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Procedures for making a report to the Equality Ombudsman or the police

​​​​​​​A student or employee who feels they have been subjected to harassment or sexual harassment always has the right to make a complaint. On this page you will find procedures for how to respond if someone has made a complaint to the Equality Ombudsman or the police.

Contents on this page: 

When someone reports the University to the Equality Ombudsman

Anyone who feels they have been subjected to harassment or sexual harassment has the right to report their case to the Equality Ombudsman. This right applies regardless of whether you, as a line manager or operational manager responsible for education, are aware of the harassment and have carried out an investigation or not.

Anyone who feels discriminated against during a recruitment or admission process can also report the University to the Equality Ombudsman. The basis for such a complaint must be that the person has felt disadvantaged by the University in relation to others in a comparable position due to something related to the grounds of discrimination.

The Equality Ombudsman assesses the individual’s complaint and Lund University is given the opportunity to comment on it. If the report concerns your department, division or equivalent, you are to compile the information you have about the situation and submit it to the Equality Ombudsman. Summarise what you have done and what documentation is available. Involve the faculty’s SFAD coordinator and the SFAD team early on for support in managing the investigation.

In some cases, it may be necessary for the Equality Ombudsman to take legal action if they consider the organisation to have failed in its duty to investigate, its preventive work or concludes that harassment has occurred in accordance with the Discrimination Act (regardless of the results of previous investigations). This may result in your department or equivalent being liable to pay discrimination compensation to the victim, as well as legal costs. You will receive support from the central administration in the event of a court case. Contact the SFAD team in these cases.

When someone makes a report to the police about harassment

Harassment and sexual harassment are usually investigated in order to provide a basis for creating and maintaining a good work environment. Sometimes the incident may also be a criminal offence under the Swedish Penal Code, in which case this should be reported to the police.

In most cases, it is the victim (employee or student) who is to report the incident to the police. However, as a manager with an employer role or a manager with operational responsibility for education, you can offer support to the victim, for example through the Occupational Health Service, the Student Health Service or by reminding them about the health and safety representative, the trade union, the student ombudsman and the students’ unions.

If something has happened that could be considered a crime against the University in any way, the University must report it to the police or file a criminal complaint. Please contact the Security and Environment Division for assistance and support in determining whether the incident should be reported to the police by the University.

If an employee has done something that may be a crime against the University, a criminal complaint may need to be filed. In this case, it should be handled by the Staff Disciplinary Board (PAN) or the Government Disciplinary Board for Higher Officials (SAN).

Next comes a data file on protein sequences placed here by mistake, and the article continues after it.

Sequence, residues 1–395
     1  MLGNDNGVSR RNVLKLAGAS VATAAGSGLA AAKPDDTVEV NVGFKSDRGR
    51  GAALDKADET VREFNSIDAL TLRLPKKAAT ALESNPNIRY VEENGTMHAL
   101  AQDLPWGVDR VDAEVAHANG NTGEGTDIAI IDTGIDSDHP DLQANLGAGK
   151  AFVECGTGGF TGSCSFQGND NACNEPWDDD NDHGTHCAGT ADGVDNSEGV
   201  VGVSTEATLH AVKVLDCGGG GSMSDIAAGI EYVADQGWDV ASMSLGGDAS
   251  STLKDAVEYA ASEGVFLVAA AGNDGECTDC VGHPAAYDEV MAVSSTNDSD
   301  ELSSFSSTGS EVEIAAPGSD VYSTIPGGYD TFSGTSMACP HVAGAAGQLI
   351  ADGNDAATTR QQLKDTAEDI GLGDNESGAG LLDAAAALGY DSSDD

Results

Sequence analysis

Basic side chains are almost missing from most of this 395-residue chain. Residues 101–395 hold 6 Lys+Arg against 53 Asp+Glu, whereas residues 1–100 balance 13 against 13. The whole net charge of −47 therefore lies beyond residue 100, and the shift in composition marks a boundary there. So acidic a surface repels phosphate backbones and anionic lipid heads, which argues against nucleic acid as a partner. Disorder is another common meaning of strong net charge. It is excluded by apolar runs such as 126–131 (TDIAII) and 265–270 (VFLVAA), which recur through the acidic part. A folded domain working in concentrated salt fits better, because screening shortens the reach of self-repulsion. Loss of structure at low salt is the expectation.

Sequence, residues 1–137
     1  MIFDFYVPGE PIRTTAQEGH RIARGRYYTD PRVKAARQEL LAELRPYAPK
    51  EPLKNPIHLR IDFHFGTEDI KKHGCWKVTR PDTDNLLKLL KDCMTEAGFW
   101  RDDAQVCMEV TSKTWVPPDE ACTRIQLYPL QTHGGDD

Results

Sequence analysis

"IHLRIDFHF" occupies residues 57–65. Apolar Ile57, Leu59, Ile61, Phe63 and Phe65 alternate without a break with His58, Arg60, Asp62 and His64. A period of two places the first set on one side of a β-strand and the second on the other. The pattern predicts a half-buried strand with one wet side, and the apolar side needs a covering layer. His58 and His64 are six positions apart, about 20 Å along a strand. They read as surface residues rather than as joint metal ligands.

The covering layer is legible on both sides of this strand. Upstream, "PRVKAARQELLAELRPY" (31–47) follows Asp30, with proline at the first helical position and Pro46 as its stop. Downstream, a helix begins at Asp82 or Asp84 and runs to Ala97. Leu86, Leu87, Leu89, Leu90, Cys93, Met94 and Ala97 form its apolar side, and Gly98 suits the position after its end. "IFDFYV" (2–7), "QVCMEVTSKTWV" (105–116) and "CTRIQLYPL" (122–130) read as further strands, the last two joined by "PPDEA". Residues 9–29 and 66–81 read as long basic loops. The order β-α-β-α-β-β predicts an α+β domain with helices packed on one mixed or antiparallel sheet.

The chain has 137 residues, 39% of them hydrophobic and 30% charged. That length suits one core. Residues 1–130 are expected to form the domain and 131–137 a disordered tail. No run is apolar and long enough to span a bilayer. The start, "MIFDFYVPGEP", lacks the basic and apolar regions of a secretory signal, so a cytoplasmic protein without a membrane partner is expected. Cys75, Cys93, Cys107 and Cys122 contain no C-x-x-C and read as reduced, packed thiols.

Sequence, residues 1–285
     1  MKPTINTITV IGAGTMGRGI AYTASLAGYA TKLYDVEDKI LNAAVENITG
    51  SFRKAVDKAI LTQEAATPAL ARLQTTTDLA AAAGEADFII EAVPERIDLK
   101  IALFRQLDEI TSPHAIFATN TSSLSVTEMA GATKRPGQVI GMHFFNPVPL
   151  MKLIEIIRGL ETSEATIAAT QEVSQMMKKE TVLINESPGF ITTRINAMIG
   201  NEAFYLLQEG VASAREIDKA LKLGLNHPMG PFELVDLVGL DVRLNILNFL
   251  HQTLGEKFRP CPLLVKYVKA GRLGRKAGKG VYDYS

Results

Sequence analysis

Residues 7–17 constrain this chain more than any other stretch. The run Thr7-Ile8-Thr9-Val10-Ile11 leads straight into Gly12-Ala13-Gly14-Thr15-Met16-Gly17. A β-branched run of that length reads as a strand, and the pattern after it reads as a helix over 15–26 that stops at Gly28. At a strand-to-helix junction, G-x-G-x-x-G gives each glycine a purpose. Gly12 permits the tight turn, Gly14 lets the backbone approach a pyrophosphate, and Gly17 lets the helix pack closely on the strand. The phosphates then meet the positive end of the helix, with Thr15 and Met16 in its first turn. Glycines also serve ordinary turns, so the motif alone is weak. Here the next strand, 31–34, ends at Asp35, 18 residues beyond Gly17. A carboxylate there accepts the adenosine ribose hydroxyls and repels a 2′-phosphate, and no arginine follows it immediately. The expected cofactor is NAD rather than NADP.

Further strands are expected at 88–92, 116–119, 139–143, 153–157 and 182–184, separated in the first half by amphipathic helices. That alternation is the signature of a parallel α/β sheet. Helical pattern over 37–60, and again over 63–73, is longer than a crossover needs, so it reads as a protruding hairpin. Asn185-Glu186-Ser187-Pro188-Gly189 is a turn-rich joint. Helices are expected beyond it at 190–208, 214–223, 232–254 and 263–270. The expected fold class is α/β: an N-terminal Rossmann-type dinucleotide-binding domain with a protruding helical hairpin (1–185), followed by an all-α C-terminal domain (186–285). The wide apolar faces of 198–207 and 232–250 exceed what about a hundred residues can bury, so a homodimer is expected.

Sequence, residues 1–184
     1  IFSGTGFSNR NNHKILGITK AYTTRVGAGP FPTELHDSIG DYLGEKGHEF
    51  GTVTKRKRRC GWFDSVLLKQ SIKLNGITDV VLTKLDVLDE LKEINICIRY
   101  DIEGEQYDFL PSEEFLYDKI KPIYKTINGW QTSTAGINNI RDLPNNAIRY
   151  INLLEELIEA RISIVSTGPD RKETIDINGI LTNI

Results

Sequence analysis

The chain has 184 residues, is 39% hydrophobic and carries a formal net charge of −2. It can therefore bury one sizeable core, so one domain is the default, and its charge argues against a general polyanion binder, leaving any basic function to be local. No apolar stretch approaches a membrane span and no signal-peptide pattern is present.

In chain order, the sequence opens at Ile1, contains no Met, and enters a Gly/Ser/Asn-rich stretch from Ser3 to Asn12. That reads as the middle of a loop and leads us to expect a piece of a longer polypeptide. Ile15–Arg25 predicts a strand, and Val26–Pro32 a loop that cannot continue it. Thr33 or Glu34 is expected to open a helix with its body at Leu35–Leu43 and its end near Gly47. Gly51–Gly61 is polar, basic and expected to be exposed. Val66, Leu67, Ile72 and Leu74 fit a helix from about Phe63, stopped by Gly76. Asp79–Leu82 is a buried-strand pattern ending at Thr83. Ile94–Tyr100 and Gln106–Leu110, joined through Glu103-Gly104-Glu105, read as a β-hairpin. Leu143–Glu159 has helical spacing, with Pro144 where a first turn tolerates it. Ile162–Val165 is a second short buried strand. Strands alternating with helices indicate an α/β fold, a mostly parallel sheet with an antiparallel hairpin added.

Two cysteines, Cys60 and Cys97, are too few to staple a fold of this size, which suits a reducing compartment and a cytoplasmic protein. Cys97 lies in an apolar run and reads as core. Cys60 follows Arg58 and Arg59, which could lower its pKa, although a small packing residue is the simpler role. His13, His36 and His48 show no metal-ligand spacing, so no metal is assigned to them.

The University is not to investigate whether an incident perceived as harassment is a crime, but rather whether the incident is something that can be remedied and prevented by the employer or education provider.  If you become aware that someone has reported an incident of harassment to the police that requires the University to investigate, you should check with the police about the status of their criminal investigation.

Please discuss any issues that may be unclear with your local SFAD coordinator and work environment coordinator. The SFAD team is also available for support, through the SFAD coordinator, HR or the work environment coordinator.

Discrimination compensation and serious incidents

When an investigation concludes that an incident constitutes harassment or sexual harassment under the Discrimination Act, the victim is entitled to discrimination compensation. The person must request the compensation from the University in writing and the request will be handled as part of a separate procedure. The cost is borne by the organisation, faculty or department that did not protect the person from harassment. Contact the SFAD team for support in the process if you receive a claim for discrimination compensation.

If the violation relates to a case of victimisation, there is no obligation to pay any compensation to the victim. However, the Swedish Work Environment Authority may carry out an inspection if there are several cases of victimisation of a similar nature in the same organisational unit. If the organisational unit demonstrates shortcomings in terms of procedures and incident management (as laid out in the Swedish work environment legislation), the organisational unit is given time to correct these. The Swedish Work Environment Authority can impose a penalty if the organisational unit does not correct the shortcomings in time.

All serious violations must always be reported to the Swedish Work Environment Authority as a serious incident according to the instructions on the HR website. A serious incident may in turn lead to an inspection by the Swedish Work Environment Authority.

Read more about serious accidents or incidents